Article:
1 May 1990 Fabrication and performance of GaAs-MQW nonlinear directional coupler
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Proceedings Volume 1216, Nonlinear Optical Materials and Devices for Photonic Switching; (1990); doi: 10.1117/12.18104
Event: OE/LASE '90, 1990, Los Angeles, CA, United States
Abstract
Modified fabrication technique has been developed to improve the performance of GaAs/A1GaAs MQW nonlinear directional couplers for all-optical picosecond and subpicosecond switching and modulation. A nonlinear directional coupler (NLDC) capable of switching data streams and demultiplexing signals could be an important component in switching networks. Reliable and reproducible performance depends on the proper technique used to fabricate these devices. Previously, we demonstrated all-optical switching in GaAs/AlGaAs multiple quantum well (MQW) nonlinear directional couplers using 10 ps pulses1 where the origin of the nonlinearities was due to photo-excited real carriers. The contrast of the PS switching was from 1 : 3 to 3 : 1 . We have also observed subpicosecond all-optical modulation in the same device using 150 fs pulses2 where the origin of such ultrafast modulation is attributed o optical Stark effect3. The contrast of the fs modulation was from 1 :2.3 to 1 : 1 .2. Recently, we improved the fabrication procedures. This results in improved performances in both the picosecond and subpicosecond regimes. The MQW waveguide structure was designed to sustain a single planar mode for wavelength close to the absorption edge using a four-layer waveguide model. The effective index method4 was then used to model the strip-loaded waveguide performance to ensure single mode operation. The sample is grown by molecular beam epitaxy (MBE) and has 1 .2 am thick guiding region which consists of 60 periods of alternating 100 GaAs wells/lOO Al023Ga72As barriers. The guiding in the direction perpendicular to the MQW is provided by the AlGaAs layers above and below the MQW region whereas the confinement in the horizontal direction is facilitated by the 2 ,am wide ridge etched into the top AlGaAs layer. The ridge structures are formed by first patterning the sample through contact-print photolithography using positive photoresist (KTI 820), and then reactive ion etching the top AlGaAs layer with photoresist mask. The etch process uses pure BC!3 as an etching gas flowing at 25 sccm with a pressure of 45 mTorr. The power density delivered is 0.43 W/cm2 and the self bias potential is 1 82 V. A Si wafer is laid on the bottom electrode on top of which the sample is placed. After etching, the couplers are cleaved on both ends to allow light to be end-fire coupled into the guides. We have since improved the fabrication procedures. First, previous studies show that photolithography is a problem when the guide separation is only 1 m whereas a guide separation of 4 m is too large for efficient coupling. A mask is thus made that consists only of guides separated by 2 or 3 'am. Second, more care is taken to prevent dust from falling on the sample during the photolithographic process in our non-clean lab environment. Third, a new cleaving device is assembled using a phonographic needle and an x-y-z translation stage. With the help of a stereo microscope, devices as short as 100 1am can be cleaved with high-quality end surfaces. See Fig. 1. These improvements not only enhance our yield so that nonlinear coupling behavior is observed in almost every pair of guides but also allows the light to be coupled into each guide with ease, greatly shortening the alignment time.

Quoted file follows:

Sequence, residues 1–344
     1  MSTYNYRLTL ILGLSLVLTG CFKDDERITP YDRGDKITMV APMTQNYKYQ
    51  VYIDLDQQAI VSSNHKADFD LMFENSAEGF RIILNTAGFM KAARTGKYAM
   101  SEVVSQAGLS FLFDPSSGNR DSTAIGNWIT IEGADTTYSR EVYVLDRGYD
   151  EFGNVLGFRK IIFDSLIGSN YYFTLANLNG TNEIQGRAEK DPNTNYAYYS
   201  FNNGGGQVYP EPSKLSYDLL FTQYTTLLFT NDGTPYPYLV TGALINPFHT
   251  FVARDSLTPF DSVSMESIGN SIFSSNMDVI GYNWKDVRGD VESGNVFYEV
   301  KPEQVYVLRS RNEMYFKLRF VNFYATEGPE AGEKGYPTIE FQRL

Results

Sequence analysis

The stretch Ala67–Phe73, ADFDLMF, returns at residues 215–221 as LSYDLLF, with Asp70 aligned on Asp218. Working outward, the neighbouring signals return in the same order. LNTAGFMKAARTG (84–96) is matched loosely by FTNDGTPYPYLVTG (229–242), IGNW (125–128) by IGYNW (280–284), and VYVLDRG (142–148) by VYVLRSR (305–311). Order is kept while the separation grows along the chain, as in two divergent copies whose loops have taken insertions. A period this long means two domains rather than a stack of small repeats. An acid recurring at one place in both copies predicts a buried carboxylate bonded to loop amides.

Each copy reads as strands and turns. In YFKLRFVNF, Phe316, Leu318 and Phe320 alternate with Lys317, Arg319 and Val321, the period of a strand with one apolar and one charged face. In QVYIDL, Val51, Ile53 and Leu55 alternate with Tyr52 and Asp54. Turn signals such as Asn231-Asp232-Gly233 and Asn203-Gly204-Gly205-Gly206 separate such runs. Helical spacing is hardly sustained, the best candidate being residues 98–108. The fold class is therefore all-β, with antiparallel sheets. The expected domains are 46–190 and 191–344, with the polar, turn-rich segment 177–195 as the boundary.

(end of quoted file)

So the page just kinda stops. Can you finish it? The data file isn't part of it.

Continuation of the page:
© (1990) COPYRIGHT Society of Photo-Optical Instrumentation Engineers (SPIE). Downloading of the abstract is permitted for personal use only.
Chih-Li Chuang, Ruxiang Jin, Mial E. Warren, Hyatt M. Gibbs, Jason P. Sokoloff, Paul A. Harten, Nasser Peyghambarian, John N. Polky, G. A. Pubanz, "Fabrication and performance of GaAs-MQW nonlinear directional coupler", Proc. SPIE 1216, Nonlinear Optical Materials and Devices for Photonic Switching, (1 May 1990); doi: 10.1117/12.18104; https://doi.org/10.1117/12.18104
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KEYWORDS
Switching

Modulation

Picosecond phenomena

Directional couplers

Etching

Waveguides

Absorption

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